April 19, 2012

AP Headline, As Past Two Weeks’ Initial Unemployment Claims Soar: ‘Aid Applications Decline Slightly’ (Update: Headline Changed, But Initial Damage Done)

The games the Associated Press’s Chris Rugaber and the wire service’s headline writers are playing with the weekly unemployment claims from the Department of Labor are getting tiresome, and grow seemingly more disgraceful with each passing week.

Today, DOL told us that initial unemployment claims were 386,000. Last week’s 380,000 was revised upward to 388,000. Both figures are significantly higher than the number in the low 360s seen in the four prior weeks. So of course, the headline at Rugaber’s AP story (saved here at host for future reference, fair use and discussion purposes) read as follows:

APunempClaimsDownHeadline041912

And of course, Chris Rugaber (who to his credit, at least recognized the upward revision to last week’s figure), wrote the following:

Applications have started to level off in recent weeks after months of steady declines.

Really Chris? That’s not what I’m seeing:

UnempClaimsWeeksEnding041411

Here’s more from Rugaber:

Lower benefit applications indicate that companies are cutting fewer jobs. And economists note that unemployment benefit applications are at a much lower level than they were last year, which is a hopeful sign that March’s weak numbers were a temporary lull.

Today’s not seasonally adjusted claims (367,550) were less than 4% below the same week a year ago (381,834). Neither week was affected by the timing of the Easter holiday. I don’t think a 3.7% drop qualifies as “much lower.”

It is really sad that Rugaber’s risible work is what’s going to be broadcast over much if not most of the radio and TV airwaves for the next couple of hours. The Old Soviet Union’s Tass, Pravda, and Isvestia would have been proud of him. The AP should be ashamed. That the self-described “Essential Global News Network” probably isn’t explains why yours truly refers to it as the Administration’s Press. With great power comes great responsibility, guys — and you’re not exercising it.

Cross-posted at NewsBusters.org.

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UPDATE: The headline at AP’s 9:37 a.m. report now reads “US unemployment claims signal slower hiring.” That’s nice, but it won’t what was broadcast immediately after the report’s release until news outlets become aware of the revision.

Ouch: Initial Unemployment Claims: 386K SA; Last Week’s SA Revised up 8K; NSA Claims 4% Lower than Year-Ago Figure (UPDATE: Basically Back to Where We Were in December)

Filed under: Economy,Taxes & Government — Tom @ 8:43 am

From DOL, it looks like things are getting out of control again:

SEASONALLY ADJUSTED DATA (SA — Ed.)

In the week ending April 14, the advance figure for seasonally adjusted initial claims was 386,000, a decrease of 2,000 from the previous week’s revised figure of 388,000. The 4-week moving average was 374,750, an increase of 5,500 from the previous week’s revised average of 369,250.

UNADJUSTED DATA (Not seasonally adjusted, or NSA — Ed.)

The advance number of actual initial claims under state programs, unadjusted , totaled 367,550 in the week ending April 14, a decrease of 22,916 from the previous week. There were 381,834 initial claims in the comparable week in 2011.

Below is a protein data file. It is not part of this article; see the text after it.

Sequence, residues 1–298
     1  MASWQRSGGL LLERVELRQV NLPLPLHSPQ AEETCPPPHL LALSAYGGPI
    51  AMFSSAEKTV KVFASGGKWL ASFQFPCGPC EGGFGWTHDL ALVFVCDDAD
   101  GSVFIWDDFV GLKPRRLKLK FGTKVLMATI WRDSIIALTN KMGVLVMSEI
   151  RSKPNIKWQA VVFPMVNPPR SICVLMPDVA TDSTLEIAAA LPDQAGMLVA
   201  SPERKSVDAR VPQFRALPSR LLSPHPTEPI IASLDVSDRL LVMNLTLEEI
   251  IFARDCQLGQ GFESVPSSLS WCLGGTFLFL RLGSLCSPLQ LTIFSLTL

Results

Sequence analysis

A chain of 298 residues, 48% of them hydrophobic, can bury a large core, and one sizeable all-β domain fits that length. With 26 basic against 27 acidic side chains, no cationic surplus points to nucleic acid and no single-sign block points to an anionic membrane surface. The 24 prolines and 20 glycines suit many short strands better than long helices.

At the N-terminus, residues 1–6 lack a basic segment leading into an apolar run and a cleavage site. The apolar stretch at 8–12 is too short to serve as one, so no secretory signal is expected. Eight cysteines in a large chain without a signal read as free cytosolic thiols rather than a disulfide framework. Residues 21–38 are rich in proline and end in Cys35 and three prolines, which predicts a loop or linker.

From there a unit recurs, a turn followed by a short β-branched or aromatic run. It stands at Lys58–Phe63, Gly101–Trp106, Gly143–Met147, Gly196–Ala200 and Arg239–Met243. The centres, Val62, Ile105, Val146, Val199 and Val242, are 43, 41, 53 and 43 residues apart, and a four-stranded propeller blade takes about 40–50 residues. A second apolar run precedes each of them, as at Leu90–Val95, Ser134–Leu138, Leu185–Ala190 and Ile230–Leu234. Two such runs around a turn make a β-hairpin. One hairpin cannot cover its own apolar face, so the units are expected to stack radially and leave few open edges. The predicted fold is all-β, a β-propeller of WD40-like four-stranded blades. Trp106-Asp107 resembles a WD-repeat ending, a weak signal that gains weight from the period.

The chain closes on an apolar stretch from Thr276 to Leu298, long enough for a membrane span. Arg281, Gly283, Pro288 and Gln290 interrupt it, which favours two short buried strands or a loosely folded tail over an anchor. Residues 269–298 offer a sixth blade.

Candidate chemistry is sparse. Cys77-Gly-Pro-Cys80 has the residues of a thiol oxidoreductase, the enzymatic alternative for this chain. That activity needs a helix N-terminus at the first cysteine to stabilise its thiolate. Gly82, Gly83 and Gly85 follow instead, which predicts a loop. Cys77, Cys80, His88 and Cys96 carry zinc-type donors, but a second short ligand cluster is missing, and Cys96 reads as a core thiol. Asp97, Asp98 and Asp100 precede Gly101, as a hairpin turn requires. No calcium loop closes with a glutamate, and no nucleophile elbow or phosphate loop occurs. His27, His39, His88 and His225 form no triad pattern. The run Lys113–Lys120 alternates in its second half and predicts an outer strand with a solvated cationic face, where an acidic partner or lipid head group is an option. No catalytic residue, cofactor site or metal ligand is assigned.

Business Insider’s email had a consensus prediction of 365,000. This is known as a really, really big miss.

Last week’s SA number of 380,000 was revised upward by 8,000.

The most recent NSA number is less that 4% below last year’s figure.

Can’t wait to see the press put lipstick on this pig, and to ignore the (again) big upward revision to the previous week. If we get a similar upward revision next we’ll be getting into the mid-390s.

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UPDATE: Two weeks after the initial release, the week ended March 31 was revised down to 362,000; I haven’t seen a downward revision after two weeks in the roughly 60 weeks I’ve been monitoring the weekly claims numbers closely. It just serves to make the last two weeks’ figures of 388K and 386K (pending revisions) look that much worse.

UPDATE 2: So we’re basically back to where we were in late December —

UnempClaimsWeeksEnding041411

If this week gets upwardly revised by amounts similar to the past couple, we’ll be worse off.

Thursday Off-Topic (Moderated) Open Thread (041912)

Filed under: Lucid Links — Tom @ 8:15 am

Rules are here. Possible comment fodder may follow later. Other topics are also fair game.

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Positivity: Creator of Bible-based Facebook game lauds internet evangelism

Filed under: Positivity — Tom @ 8:05 am

From Denver:

Apr 19, 2012 / 02:03 am (CNA).- The internet and social media provide countless opportunities to reach people with God’s message, says the creative force behind the new Bible-based Facebook game “The Journey of Moses.”

“There are so many people out in the world who are looking for this kind of content that is positive and shares God’s message,” said Brent Dusing, founder and CEO of the Mountain View, Calif.-based Lightside Games.

“There are a lot of people who know there is a God, they just don’t know how, or haven’t taken the time, to connect with him,” he told CNA on April 9.

“If you have a heart for evangelism, and you want to use social media, then you can go use the power of being able to spread that to millions and millions of people.”

This kind of work, Dusing underscored, must be “quality, and engaging, and authentic” and produced “in a way that draws people in and gets people to think about the core of the message and life’s big questions.”

He sees “The Journey of Moses,” launched in August of 2011, as one such work that tells the story of the Bible and spreads “God’s message in a way that is fun and engaging.”

The game follows the life of Moses beginning with his time in the court of the Pharaoh. Players collect items and trade them with their Facebook friends to progress through Moses’ story.